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Black is Back Coalition Resolution to Free Leonard Peltier Now!

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The Black is Back Coalition for Social Justice, Peace and Reparations stands in unequivocal solidarity with our Comrade Leonard Peltier, a courageous Indigenous freedom fighter who defended the sovereign Lakota people from murderous incursions and attacks by the colonial state and the FBI in 1973.

We demand an immediate cessation of the torture of Leonard Peltier.  We demand that the necessary medical care be immediately provided to Leonard Peltier to deal with the serious conditions resulting from nearly 50 years in the colonial prisons.

We recognize that the imprisonment of the Indigenous people is part of the attack on the Indigenous people whose land was stolen as part of the process of bringing freedom and wealth to European colonizers.

During the period of the 1960s mass uprisings by African and other colonized peoples inside the U.S. and around the world, the American Indian Movement (AIM) led a powerful struggle against neocolonial tribal leaders who worked with the oppressive colonial government.

Leonard Peltier was part of the struggle for Red Power that took place at Wounded Knee in South Dakota with the participation of more than 200 Indigenous nations who held power for 71 days.

Wounded Knee was the site of the U.S. government’s brutal massacre of 1890, after which the U.S. declared that “the west was won” and the genocide complete.

Our relative, Comrade Leonard Peltier was one of many AIM warriors who defended the masses of the Lakota people from the FBI’s murderous military assault that slaughtered at least 60 members of the Lakota people.

Two FBI agents were killed in the struggle. Comrade Leonard Peltier was captured, arrested and tried in U.S. colonial courts in 1977 with no evidence. He has been held as a courageous political prisoner for nearly 50 years, currently in Coleman Prison in Florida in brutal colonial conditions, often under lockdown without medical care.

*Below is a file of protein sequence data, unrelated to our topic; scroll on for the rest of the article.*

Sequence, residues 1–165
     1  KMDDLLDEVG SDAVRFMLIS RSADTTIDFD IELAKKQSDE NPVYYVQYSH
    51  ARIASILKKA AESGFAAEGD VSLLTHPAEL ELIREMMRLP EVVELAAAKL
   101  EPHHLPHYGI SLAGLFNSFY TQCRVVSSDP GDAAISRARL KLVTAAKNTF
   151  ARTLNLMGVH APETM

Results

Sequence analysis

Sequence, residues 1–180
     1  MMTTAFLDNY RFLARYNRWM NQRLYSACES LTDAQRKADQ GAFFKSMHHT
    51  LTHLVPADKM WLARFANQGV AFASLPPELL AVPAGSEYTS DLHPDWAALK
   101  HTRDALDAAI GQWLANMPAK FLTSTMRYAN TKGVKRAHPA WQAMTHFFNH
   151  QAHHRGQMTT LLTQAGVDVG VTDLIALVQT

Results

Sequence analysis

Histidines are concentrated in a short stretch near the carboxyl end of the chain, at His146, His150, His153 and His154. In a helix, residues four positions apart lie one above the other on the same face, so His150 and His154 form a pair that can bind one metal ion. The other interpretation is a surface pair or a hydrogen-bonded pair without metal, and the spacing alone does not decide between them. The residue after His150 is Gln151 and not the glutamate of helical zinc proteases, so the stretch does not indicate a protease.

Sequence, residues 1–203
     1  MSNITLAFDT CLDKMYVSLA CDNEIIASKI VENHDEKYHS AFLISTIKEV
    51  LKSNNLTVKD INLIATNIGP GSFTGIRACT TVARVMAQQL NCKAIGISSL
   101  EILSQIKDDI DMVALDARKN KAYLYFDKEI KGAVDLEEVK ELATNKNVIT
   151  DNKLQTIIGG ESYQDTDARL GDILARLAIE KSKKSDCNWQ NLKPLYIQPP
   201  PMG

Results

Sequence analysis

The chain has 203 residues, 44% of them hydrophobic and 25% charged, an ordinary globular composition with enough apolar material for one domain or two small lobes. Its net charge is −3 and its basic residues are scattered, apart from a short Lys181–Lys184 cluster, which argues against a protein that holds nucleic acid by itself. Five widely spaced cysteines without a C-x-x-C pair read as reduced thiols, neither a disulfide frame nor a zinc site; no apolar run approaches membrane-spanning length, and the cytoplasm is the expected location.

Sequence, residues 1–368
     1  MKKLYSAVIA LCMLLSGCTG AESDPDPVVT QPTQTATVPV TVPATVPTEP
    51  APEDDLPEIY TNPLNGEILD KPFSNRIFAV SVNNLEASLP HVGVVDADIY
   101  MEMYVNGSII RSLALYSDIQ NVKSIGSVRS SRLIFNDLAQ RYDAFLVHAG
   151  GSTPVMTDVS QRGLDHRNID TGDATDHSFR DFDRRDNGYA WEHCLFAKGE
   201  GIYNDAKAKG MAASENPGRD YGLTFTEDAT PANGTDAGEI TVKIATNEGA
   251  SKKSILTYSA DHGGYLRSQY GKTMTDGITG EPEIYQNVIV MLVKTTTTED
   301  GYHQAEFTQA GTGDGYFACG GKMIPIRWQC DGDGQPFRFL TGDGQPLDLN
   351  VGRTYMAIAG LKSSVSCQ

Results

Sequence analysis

BIB salutes the deep bond that African people in the U.S. share with the Indigenous people and our long history as the twin pillars of this colonial system that rests on the stolen land of the Indigenous people, the stolen labor and the kidnapping and colonial enslavement of African people. Free Leonard Peltier now!

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Resolution to Free Leonard Peltier

Dear SpeakOut! user

The Black is Back Coalition for Social Justice, Peace and Reparations stands in unequivocal solidarity with our Comrade Leonard Peltier, a courageous Indigenous freedom fighter who defended the sovereign Lakota people from murderous incursions and attacks by the colonial state and the FBI in 1973.

We demand an immediate cessation of the torture of Leonard Peltier.  We demand that the necessary medical care be immediately provided to Leonard Peltier to deal with the serious conditions resulting from nearly 50 years in the colonial prisons.

We recognize that the imprisonment of the Indigenous people is part of the attack on the Indigenous people whose land was stolen as part of the process of bringing freedom and wealth to European colonizers.

During the period of the 1960s mass uprisings by African and other colonized peoples inside the U.S. and around the world, the American Indian Movement (AIM) led a powerful struggle against neocolonial tribal leaders who worked with the oppressive colonial government.

Leonard Peltier was part of the struggle for Red Power that took place at Wounded Knee in South Dakota with the participation of more than 200 Indigenous nations who held power for 71 days.

Wounded Knee was the site of the U.S. government’s brutal massacre of 1890, after which the U.S. declared that “the west was won” and the genocide complete.

Our relative, Comrade Leonard Peltier was one of many AIM warriors who defended the masses of the Lakota people from the FBI’s murderous military assault that slaughtered at least 60 members of the Lakota people.

Two FBI agents were killed in the struggle. Comrade Leonard Peltier was captured, arrested and tried in U.S. colonial courts in 1977 with no evidence. He has been held as a courageous political prisoner for nearly 50 years, currently in Coleman Prison in Florida in brutal colonial conditions, often under lockdown without medical care.

BIB salutes the deep bond that African people in the U.S. share with the Indigenous people and our long history as the twin pillars of this colonial system that rests on the stolen land of the Indigenous people, the stolen labor and the kidnapping and colonial enslavement of African people. Free Leonard Peltier now!

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